Ben Kuckei and Hannes Kuckei.
Susan and Ron Lee.
Deborah Sponder, Cristin Longo, and sculptor Jane Manus.

Contours in Metal: Sculpture by Gino Miles
Murano Mosaics: Persistence & Evolution
Ann Norton Sculpture Garden
Organized by Tansey Contemporary – Denver

The Gardens Conservancy event coincided with the Palm Beach Modern + Contemporary Art Fair set to open the following night. Customarily, the Ann Norton showcases the work of one of the fair’s prominent sculptors but this year sculptor Gino Miles was joined by prominent glass artists, making for a first at ANSG.


The Palm Beach Modern + Contemporary Art Fair offered a shuttle for fairgoers to tour the Ann Norton Sculpture Gardens.
The Garden Conservancy benefit attracted supporters, fairgoers, artists, and visiting gallerists.
Gino Miles’ sculptures provided contemporary counterpoints to the Midcentury Modern style of Ann Norton’s work.
A stainless steel work by Gino Miles frames a more traditional garden fountain sculpture.
Sculptor Gino Miles and Mary Ackerman.
On the afternoon of the opening, guests from one of New York’s historic house gardens toured the Ann Norton’s two-acre garden led by Frances Fisher and Margaret Horgan, director of community engagement.
Aja. 100″ H Stainless steel. $52,000. The Ann Norton benefits from the sale of the exhibition’s artworks.
In contrast to the Ann Norton’s more immediate presentation of outdoor artworks, at The Society of the Four Arts’ Philip Hulitar Sculpture Garden works tend to be set apart from the landscape. Pictured above, a work encircled with a hedge.
On temporary exhibit, Edwina Sandys’ painted aluminum 12-foot Eve’s Apple highlights the role of sculptural expressions that rival the landscape rather than appear to adorn it.
Sculptor Edwina Sandys and David Miller.

Australian glass artist Clare Belfrage’s work.
Inspired by rock formations, plant forms, seashells, and natural fibers, Belfrage is part of the Adelaide-Canberra artistic community.
A Japanese glass artist based in Los Angeles, pictured above, Kazuki Takizawa’s Minimalist BW Threads are set atop marble.
The Main Gallery at the Ann Norton.
Jennifer Garrigues and Giselle Roman.
Giles Bettison’s Chrome pieces.
Close-up, work of Lino Tagliapietra, regarded as one of Murano’s “Maestro” glass artist who works in Seattle and Murano.
Tortuga, 2009. Lino Tagliapietra. Without the theatrics of Chihuly, Tagliapietra combines centuries-old Venetian techniques with a sculptural aesthetic.

Manufacturing History:
Herpel Cast Stone & Columns
6400 Georgia Avenue – WPB

In 2010, Rick Herpel gave the Simsbury Free Library a copy of his great-grandfather William Mansfield Ketchin’s 300-page memoir documenting the family’s brownstone buildings constructed from the 1850s to the 1920s in Connecticut’s Simsbury-Avon area, the quarries they owned, and the tobacco and construction business that eventually brought the family to South Florida. After WW II, Rick’s father Henry Herpel set up an offshoot of his mother’s family-owned Ketchin Tile & Brick Company, then based in Ft. Lauderdale, in West Palm Beach. William Ketchin came to Georgia Avenue, where the company is still located, to help his granddaughter’s husband organize the business. It was first known as the Ketchin-Herpel Floor Tile Company.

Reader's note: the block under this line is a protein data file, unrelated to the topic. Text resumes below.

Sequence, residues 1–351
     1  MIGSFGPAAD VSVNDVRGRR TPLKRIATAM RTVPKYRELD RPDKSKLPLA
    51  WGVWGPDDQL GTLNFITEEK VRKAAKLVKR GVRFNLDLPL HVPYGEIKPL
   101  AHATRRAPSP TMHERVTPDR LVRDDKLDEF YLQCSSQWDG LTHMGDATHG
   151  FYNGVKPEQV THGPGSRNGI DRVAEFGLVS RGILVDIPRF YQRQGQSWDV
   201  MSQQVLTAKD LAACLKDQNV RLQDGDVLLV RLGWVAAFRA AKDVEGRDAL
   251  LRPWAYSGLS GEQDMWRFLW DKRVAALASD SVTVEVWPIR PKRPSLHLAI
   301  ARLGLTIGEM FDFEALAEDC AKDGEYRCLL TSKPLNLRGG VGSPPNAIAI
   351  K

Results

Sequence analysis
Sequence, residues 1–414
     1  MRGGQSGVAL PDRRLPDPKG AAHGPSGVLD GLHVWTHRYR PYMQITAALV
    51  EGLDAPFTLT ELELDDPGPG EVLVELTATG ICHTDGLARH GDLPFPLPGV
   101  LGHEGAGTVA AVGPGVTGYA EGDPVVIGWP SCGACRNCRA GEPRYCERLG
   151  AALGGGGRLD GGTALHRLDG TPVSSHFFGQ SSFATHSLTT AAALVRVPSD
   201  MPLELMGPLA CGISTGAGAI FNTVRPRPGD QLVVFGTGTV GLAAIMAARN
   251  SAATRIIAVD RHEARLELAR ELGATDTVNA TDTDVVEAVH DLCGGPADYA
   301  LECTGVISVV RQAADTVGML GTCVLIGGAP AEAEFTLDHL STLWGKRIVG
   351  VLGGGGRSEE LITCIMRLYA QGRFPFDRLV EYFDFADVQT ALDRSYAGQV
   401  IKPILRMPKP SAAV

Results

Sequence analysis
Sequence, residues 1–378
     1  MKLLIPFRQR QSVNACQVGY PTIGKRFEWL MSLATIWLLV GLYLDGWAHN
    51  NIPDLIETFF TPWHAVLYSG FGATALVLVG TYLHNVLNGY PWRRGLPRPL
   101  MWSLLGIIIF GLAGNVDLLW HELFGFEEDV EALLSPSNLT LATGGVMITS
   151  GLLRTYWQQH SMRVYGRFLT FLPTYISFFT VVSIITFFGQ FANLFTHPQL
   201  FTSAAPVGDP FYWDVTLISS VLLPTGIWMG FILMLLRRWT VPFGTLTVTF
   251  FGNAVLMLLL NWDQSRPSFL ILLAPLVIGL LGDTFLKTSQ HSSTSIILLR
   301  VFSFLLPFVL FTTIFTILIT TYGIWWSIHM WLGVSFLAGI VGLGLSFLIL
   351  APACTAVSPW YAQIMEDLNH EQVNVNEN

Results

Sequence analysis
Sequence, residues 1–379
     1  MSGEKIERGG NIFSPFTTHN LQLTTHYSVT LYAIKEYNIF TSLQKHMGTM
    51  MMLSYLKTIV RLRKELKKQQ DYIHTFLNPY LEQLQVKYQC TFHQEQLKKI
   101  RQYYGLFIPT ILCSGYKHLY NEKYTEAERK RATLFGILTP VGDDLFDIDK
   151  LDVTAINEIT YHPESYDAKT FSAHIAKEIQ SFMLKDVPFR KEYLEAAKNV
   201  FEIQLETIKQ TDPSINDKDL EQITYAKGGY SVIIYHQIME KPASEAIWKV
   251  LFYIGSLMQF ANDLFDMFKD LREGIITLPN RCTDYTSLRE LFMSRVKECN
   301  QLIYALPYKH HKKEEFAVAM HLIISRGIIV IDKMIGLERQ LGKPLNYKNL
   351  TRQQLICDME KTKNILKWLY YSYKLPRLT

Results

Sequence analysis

“I remember when I was five helping my Dad build a BBQ pit in our backyard made from coral heads collected off the beach at Sloan’s Curve,” recalled Herpel, who as a teenager began cutting and setting stone when he worked with his father. During the past more than 30 years that Rick has run the family company, it has fabricated architectural and decorative elements for countless mansions from Jupiter Island to Boca Raton, including the parade of Palm Beach estates designed by the resort’s heralded architects as well as the measureless Xanadus that replaced many of them.


Rick Herpel stands between a pair of urns also installed at the entrance to 610 North County Road, known today as the Howard Stern house designed by Chicago architect Stanley Tigerman. In 1986 Martin Trust demolished the existing classic Treanor & Fatio house of C. Michael Paul, supplanting it with a Tigerman early-1990s approx. 20,000-square-foot villa. The balustrade was designed by architect John Gosman for Peter and Leni May during their renovation of Casa del Sud at 1410 South Ocean Boulevard. In January 1994 the Mays sold the undesignated historic 1920s oceanfront estate for $10 million to the elusive Jeffry and Barbara Picower whose fortunes crossed paths with Ivan Boesky and Bernard Madoff.
“I really learned from working with and complying with the standards set by Palm Beach best architects and designers and having them as mentors, among them, John Volk, Henry Harding, Kemp Caler, Sidney Neil, Mark Hampton, John Gosman, and William Johnson of Wyeth, King & Johnson.
By the early 1960s Herpel patio and floor tiles had become as well-established as Ketchin tiles.